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Prolonged Winter Undernutrition and the Interpretation of Urinary Allantoin:Creatinine Ratios in White-tailed Deer

Results


Initially, recent MEIs did not differ between the treated and control deer (H0: equal intercepts, F[1,5] = 3.96, P = 0.103). Subsequently, however, MEI increased in the control deer (F[2,40] = 3.86, P = 0.029), except during 15-19 April (Fig. 1).

Temporal patterns of urinary A:C ratios differed significantly between restricted and control deer (F[2,46] = 9.45, P = 0.001) (Fig. 2), even though initially there was no significant difference (H0: equal intercepts, F[1,5] = 1.40, P = 0.289) (Fig. 2). Urinary A:C ratios of control deer increased slightly throughout the study (H0: β1 = 0, T46 = 1.59, P = 0.119; H0: β2 = 0, T46 = 1.76, P = 0.086), whereas those of restricted deer exhibited a pronounced increase by 7 April (H0: β1 = 0, T46 = 2.59, P = 0.013; H0: β2 = 0, T46 = 3.98, P = 0.001). There was no significant relation between recent MEI and urinary A:C ratio (H0: β1 = 0, T43 = 0.21, r2 = 0.01, P = 0.839) of the seven deer (Fig. 3) but there was a marginally significant curvilinear relation between A:C ratios and progressive percent mass loss (H0: β3 = 0, T41 = 1.63, r2 = 0.42, P = 0.110) (Fig. 4). Short-term severe nutritional restriction (15-19 April) had no apparent or consistent effect on the A:C ratios of the already restricted deer or the control deer (Table 1). The urinary A:C ratio was significantly related to the urinary UN:C (H0: β1 = 0, T49 = 9.50, r2 = 0.59, P < 0.001) and 3-MeH:C ratios (H0: β1 = 0, T49 = 5.65, r2 = 0.43, P < 0.001).

Figure 1 - Plotted Chart (treatment vs. control): Metabolizable energy intake (MEI) over 4 February through 5 May 1988
Fig. 1.  Recent (2 days prior to urine sampling) mean metabolizable energy intake (MEI) of captive adult white-tailed deer (Odocoileus virginianus) fed either restricted (treatment) or ad libitum (control) amounts of a low-protein, low-energy (LPLE) commercial diet from 11 February to 5 May 1988 at Grand Rapids, Minnesota. Prior to the study, all deer were maintained on a high-protein, high-energy commercial diet, but consumption was not monitored prior to initiation of the study. Sample sizes were four and three deer in the treatment and control groups, respectively.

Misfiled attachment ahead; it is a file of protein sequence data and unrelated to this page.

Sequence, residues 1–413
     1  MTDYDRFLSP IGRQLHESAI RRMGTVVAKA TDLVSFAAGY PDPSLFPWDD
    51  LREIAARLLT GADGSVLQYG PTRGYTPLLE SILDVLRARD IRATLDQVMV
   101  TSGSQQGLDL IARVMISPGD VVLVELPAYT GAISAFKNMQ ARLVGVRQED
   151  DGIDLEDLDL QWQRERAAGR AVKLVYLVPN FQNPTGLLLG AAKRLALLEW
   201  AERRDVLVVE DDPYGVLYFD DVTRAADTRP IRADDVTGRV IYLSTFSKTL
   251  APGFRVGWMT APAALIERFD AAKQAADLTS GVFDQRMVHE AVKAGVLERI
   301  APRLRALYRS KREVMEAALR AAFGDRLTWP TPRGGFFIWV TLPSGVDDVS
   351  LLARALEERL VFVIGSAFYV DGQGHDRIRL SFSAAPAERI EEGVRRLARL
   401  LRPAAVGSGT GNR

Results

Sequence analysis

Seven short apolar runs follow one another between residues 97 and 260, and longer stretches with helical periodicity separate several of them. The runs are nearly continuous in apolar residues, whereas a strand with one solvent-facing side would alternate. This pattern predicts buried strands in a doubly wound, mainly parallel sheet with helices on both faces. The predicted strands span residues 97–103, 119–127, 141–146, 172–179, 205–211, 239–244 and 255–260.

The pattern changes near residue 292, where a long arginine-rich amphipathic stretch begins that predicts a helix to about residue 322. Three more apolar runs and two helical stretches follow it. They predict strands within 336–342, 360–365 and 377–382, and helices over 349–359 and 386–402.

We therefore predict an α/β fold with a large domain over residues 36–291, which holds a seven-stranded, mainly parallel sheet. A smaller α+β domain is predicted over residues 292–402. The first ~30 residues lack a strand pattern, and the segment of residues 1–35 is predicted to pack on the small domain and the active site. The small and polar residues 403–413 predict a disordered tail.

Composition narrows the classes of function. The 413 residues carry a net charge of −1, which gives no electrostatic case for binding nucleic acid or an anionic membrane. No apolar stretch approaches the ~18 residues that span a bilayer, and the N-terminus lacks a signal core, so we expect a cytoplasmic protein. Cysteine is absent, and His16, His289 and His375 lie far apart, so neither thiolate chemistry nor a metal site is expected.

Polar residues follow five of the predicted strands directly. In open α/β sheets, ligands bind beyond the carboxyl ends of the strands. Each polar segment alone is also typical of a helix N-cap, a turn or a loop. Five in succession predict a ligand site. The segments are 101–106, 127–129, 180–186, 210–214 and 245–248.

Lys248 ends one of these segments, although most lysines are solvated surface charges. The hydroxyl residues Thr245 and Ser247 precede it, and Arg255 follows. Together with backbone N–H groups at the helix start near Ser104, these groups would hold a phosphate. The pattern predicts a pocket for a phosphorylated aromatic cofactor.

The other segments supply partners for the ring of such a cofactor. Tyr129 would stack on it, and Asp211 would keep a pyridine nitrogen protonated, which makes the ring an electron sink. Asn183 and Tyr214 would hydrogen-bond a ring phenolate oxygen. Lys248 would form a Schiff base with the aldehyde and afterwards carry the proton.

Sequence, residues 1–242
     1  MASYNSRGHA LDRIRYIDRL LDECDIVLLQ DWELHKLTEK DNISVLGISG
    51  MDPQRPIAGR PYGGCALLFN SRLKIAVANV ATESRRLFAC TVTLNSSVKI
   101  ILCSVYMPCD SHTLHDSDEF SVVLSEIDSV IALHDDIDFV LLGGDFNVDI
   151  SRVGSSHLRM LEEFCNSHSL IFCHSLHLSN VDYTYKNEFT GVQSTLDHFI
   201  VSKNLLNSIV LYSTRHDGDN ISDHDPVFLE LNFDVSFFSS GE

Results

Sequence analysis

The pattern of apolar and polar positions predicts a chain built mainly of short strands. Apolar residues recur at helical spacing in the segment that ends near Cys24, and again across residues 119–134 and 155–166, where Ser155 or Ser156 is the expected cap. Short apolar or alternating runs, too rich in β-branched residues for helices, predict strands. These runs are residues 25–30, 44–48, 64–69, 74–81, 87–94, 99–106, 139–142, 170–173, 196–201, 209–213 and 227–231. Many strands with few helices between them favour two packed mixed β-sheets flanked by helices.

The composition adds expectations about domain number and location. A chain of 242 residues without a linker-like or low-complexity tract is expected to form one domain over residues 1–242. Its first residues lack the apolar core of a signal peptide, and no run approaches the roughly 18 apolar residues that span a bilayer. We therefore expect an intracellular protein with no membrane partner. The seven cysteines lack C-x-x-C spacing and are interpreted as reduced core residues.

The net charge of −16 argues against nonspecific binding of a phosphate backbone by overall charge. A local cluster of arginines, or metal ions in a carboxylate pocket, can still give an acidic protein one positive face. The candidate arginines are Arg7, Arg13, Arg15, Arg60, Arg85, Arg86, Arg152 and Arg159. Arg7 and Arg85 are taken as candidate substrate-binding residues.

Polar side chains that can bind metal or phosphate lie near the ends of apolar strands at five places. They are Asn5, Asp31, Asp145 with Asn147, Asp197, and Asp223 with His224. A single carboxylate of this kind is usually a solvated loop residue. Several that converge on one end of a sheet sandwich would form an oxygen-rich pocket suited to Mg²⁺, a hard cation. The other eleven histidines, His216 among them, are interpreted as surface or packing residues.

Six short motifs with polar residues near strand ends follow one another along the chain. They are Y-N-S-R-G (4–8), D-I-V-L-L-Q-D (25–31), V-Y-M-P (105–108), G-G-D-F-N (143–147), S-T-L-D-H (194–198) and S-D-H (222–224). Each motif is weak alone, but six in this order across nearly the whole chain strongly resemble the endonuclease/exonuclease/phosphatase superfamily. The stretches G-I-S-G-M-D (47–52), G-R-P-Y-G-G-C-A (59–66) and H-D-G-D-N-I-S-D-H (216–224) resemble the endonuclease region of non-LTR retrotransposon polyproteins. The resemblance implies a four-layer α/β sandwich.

Figure 2 - Plotted Chart (treatment vs. control): Urinary A:C ratio over 4 February through 5 May 1988
Fig. 2.  Urinary allantoin:creatinine ratios of captive adult white-tailed deer maintained on a high-protein, high-energy commercial diet through 10 February 1988 and fed either restricted (treatment) or ad libitum (control) amounts of a low-protein, low-energy (LPLE) commercial diet from 11 February to 5 May 1988 at Grand Rapids, Minnesota. Sample sizes were four and three deer in the treatment and control groups, respectively.

Figure 3 - Plotted Chart (treatment vs. control): Urinary A:C ratio over Mean daily MEI
Fig. 3.  Urinary allantoin:creatinine ratios versus recent (2 days prior to urine sampling) mean daily metabolizable energy intake (MEI) of captive adult white-tailed deer fed restricted (treatment) or ad libitum (control) amounts of a low-protein, low-energy (LPLE) commercial diet from 11 February to 5 May 1988 at Grand Rapids, Minnesota. Sample sizes were four and three deer in the treatment and control groups, respectively. The thick vertical line demarcates the winter maintenance requirement of captive white-tailed deer (561 kJ/kg0.75 body mass per day; Ullrey et al. 1970).

Figure 4 - Plotted Chart (treatment vs. control): Urinary A:C ratio over Cumulative mass loss
Fig. 4.  Relationship of urinary allantoin:creatinine ratios to cumulative body-mass loss in captive adult white-tailed deer that consumed varying amounts of a low-protein, low-energy (LPLE) commercial diet from 11 February to 5 May 1988 at Grand Rapids, Minnesota. Sample sizes were four and three deer in the treatment and control groups, respectively.


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